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The Week in Parliament

Westminster is in recess this week, so we have a slight pause from London-based politics. Equally, the Northern Ireland Assembly and the Welsh Senedd have not been that heavy on the consultation stories, so this week we’ll be travelling on the Caledonian Sleeper up to Edinburgh.

Scotland

The major political news story from last week in England was the Government’s proposed reforms to the Health and Social Care system. Despite being a significant paper, it was not the long awaited general social care reform. England is not the only place where social care reform is being grappled with, and the current situation is being pointed to as partially the result of overdue examination of the system. In Scotland, the matter was addressed at First Ministers’ questions this week, with opposition leader Ruth Davidson pointing to significant numbers of covid related deaths in care homes.

Her allegations were backed up by a call for development and a criticism that although three reports on the social care system in Scotland had been given to the Scottish Government, no consultation was launched on the subject until 2019, closing six months before the first covid wave. Davidson highlighted that in those six months, no attempt had been made to update the guidance to care homes, guidance she said could have saved lives.

So is this a fair criticism? The consultation itself is a mysterious and elusive beast, and I can find not hide nor hair of it online, the best I can do is a couple of responses to it. Regrettably, this makes it rather difficult to assess the process behind it. The Scottish government’s consultation guidance suggests that a response should be published within 20 working days of the closing of the consultation, or reasons given why this is not possible. Being unable to locate the consultation has prevented me from assessing whether this was done, but six months does seem like rather a long time between the closing of a consultation on what was (at the time) relatively straightforward guidance and the publication of any proposed new draft guidance.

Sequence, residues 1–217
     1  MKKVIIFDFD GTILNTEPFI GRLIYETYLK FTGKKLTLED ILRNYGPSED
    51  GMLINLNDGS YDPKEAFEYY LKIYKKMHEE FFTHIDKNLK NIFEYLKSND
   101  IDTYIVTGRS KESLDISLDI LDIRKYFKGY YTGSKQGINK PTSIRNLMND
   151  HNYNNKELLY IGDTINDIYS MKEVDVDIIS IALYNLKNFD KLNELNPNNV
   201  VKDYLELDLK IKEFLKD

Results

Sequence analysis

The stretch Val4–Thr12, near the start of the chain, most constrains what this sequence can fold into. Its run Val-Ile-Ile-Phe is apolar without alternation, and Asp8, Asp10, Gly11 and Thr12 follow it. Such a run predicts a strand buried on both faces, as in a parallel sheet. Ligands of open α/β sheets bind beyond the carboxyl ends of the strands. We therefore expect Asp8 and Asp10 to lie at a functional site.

It is not for us to comment on the substance of opposition criticism, and with little to base our analysis of the process, we can’t really authoritatively comment. However, we do have quite an interest in the length of time between the end of consultations and responses/actions. In the not-too-distant future, we’re intending to take a more comprehensive look at this, as we have encountered many consultations where there are distinct differences between consultation guidance and practise. This example of doubt from Scotland is far from the sole example. Oh, and if anyone has a copy of the consultation document “Influenza Pandemic preparedness: Guidance for Health and Social Care Services in Scotland”, please do pass it along…

About the Author

Stephen serves as the Institute’s Legal and Parliamentary Officer. Before joining the Institute Stephen studied Law at Bangor University and pursued a Masters’ degree in Aviation and Space Law at McGill University in Montreal. After this, he returned to London and was called to the bar in 2016 at the Honorable Society of Gray’s Inn, before deciding not to go into practice and move towards public policy work instead. Within the Institute, Stephen provides legal, political and policy analysis of UK and global current affairs of interest to consultors and consultees.

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